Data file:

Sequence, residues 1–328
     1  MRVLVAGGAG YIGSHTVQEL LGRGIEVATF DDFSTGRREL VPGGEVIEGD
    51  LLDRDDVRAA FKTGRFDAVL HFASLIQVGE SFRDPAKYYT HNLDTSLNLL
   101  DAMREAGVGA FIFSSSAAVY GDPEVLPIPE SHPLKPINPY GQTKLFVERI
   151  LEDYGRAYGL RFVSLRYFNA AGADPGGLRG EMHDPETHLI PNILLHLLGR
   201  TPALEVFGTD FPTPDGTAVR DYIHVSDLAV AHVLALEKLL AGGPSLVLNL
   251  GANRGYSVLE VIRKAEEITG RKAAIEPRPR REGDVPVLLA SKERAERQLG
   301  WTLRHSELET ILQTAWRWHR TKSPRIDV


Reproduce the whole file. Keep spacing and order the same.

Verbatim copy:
Sequence, residues 1–328
     1  MRVLVAGGAG YIGSHTVQEL LGRGIEVATF DDFSTGRREL VPGGEVIEGD
    51  LLDRDDVRAA FKTGRFDAVL HFASLIQVGE SFRDPAKYYT HNLDTSLNLL
   101  DAMREAGVGA FIFSSSAAVY GDPEVLPIPE SHPLKPINPY GQTKLFVERI
   151  LEDYGRAYGL RFVSLRYFNA AGADPGGLRG EMHDPETHLI PNILLHLLGR
   201  TPALEVFGTD FPTPDGTAVR DYIHVSDLAV AHVLALEKLL AGGPSLVLNL
   251  GANRGYSVLE VIRKAEEITG RKAAIEPRPR REGDVPVLLA SKERAERQLG
   301  WTLRHSELET ILQTAWRWHR TKSPRIDV